Prunus Africana, the wonder anti-cancer tree in Uganda
PRUNUS africana trees in Kibale and Mt. Rwenzori national parks have been discovered to have the highest concentration of the active ingredients needed for treating prostate cancer and other related health problems compared to other tree species in the country.
This is a follow up on Prunus africana’s earlier research carried out by National Forestry Resources Research Institute (NaFORRI) in collaboration with International Centre for Research in Agroforestry (ICRAF).
The genetic diversity for the different tree populations have also been found to vary between the different populations.
There was need to follow up on the above findings and study further the variations in chemical compositions of the prunus bark and genetic diversity with a view to establishing a prunus mother garden with superior genotypes that has higher genetic diversity and higher concentration of active ingredients for providing farmers with superior planting stock.
There was a regional project (involving seven prunus range countries in Africa including Uganda) doing research on the same species that was ready to provide some funding to the tune of sh35m ($12,000).
The tree is almost all over Uganda, but highest concentrations are in highland and medium altitude forests, mainly in mountainous parts of Uganda in the western, southwestern regions and on Mt. Elgon.
So far with collaboration from NaFORRI, Cudwell Industries has established a mother garden at the district head quarters in Mukono. This second phase of establishing the mother garden has not been funded.
The prunus trade in which NaFORRI is involved in conjunction with Cudwell Industries, Forestry Sector Support Department and the Department of Wildlife Conservation, has benefitted a number of farmers, who sell Prunus bark from trees on their land. NaFORRI’s work is mainly research and providing technical advice.
Prunus africana is used by pharmaceutical companies to manufacture a drug used in treating prostrate problems among elderly men. Uganda’s dried bark is exported to France to make a drug called TADENAN.
Prunus africana was once well-distributed throughout Africa, from Ethiopia to South Africa and from the west coast to the island of Madagascar. Since its medicinal properties became widely known, it has been ruthlessly harvested.
African cherry (Prunus Africana) is also known as Entasesa, Ngwabuzito (Luganda); Engote in Rutoro; mueri, mkomahoya or kiburraburra (Kiswahili) and red stinkwood, iron wood or bitter Almond(in English).
The biggest threat to the tree is unsustainable harvesting of bark such as splitting the bark of the entire tree at once, which leads to death.
Debarking begins from one-metre from the ground level to the first branch of the tree.
Half of the bark is split upright using a machete or panga, leaving the other half side to supply water to the upper branches and leaves.
After debarking, smear the debarked side with a mixture of soil and cow dung. The mixture helps to preserve the debarked side from insect attacks like the termites.
Thereafter, the half side that was not debarked is split after four years. Then the initial debarked side is split again after nine years. If each tree is well looked after, it can be debarked six or seven times. Prunus africana can last more than 80 years.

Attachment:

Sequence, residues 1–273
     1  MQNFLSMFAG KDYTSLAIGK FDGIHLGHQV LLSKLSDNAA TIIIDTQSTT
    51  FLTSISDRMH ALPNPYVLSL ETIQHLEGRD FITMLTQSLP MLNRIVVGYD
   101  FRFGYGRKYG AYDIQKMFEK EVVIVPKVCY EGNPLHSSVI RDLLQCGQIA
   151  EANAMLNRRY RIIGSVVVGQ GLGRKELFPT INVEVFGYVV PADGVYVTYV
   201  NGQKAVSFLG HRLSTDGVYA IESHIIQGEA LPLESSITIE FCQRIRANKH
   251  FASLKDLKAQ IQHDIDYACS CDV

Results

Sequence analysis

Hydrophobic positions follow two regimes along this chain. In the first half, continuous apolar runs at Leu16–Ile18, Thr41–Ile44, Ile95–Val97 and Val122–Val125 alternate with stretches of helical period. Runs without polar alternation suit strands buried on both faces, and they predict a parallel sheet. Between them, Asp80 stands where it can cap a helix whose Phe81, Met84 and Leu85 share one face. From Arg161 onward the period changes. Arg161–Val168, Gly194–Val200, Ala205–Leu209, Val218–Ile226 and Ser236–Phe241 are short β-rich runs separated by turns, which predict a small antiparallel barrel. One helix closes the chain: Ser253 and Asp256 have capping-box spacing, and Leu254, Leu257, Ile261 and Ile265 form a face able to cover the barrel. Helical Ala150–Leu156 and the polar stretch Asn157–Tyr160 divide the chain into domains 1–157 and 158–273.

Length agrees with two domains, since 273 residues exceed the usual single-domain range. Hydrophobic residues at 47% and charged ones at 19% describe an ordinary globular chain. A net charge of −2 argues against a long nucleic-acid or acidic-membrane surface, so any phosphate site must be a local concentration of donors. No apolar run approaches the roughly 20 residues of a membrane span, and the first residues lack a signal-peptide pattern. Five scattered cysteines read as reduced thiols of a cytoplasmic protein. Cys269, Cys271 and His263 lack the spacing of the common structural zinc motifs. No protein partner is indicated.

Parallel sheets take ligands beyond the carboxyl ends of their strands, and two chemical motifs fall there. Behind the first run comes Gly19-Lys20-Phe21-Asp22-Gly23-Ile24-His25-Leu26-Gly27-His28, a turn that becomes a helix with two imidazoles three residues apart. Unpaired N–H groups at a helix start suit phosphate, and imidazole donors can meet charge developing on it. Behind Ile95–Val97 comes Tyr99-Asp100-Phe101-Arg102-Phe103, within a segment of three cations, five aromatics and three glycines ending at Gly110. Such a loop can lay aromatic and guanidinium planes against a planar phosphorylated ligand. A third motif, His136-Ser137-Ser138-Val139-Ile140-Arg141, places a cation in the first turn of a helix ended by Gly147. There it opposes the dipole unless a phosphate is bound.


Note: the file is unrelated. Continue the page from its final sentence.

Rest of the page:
An acre of land can accommodate a Prunus africana plant population of 450 trees with a spacing of 10 metres apart. The seedling takes 14 years to reach commercial harvestable size of 30cm diametre.
Trees especially found within and along wetlands make it up to 150cm diametre. The 30cm debarked tree on average yields 30kgs of dry bark per harvest.
Prunus africana is an evergreen tree, ranging between 10 to 36 metres height, with a stem diameter of 1 metre; bark blackish-brown and rugged; branch-lets dotted with breathing spots, brown and corky.
In its area of natural distribution, the tree peaks flowering between November and February. Trees produce flowers with male and female parts. Insects pollinate the tree, and fruits, which are highly relished and dispersed by birds and monkeys, develop within four to six months.
The tree can also be used in charcoal and timber production, though it not popular due to the heavy weight of its timber. Timber from prunus africana is often used in the mining industry as pit-props; railway slippers in the railway industry and for bridge and other heavy duty construction work.
Prunus africana is protected by an international treaty, the Convention on International Trade in Endangered Species (CITES) and its export has to be subject to a CITES export permit to protect the tree from depletion.
Do not debark the tree to produce bark for export before you are advised on how, where and the conditions you can be allowed to export and sell the bark.
Given the destruction that continues in the natural populations of Prunus, growing this endangered species is good for conservation. It is probably a smart personal health insurance policy.
As told to John Kasozi. Hafashimana is a senior research officer (ecologist/ conservationist) with National Agricultural Research Organisation, National Forestry Resources Research Institute.
The New Vision Newspaper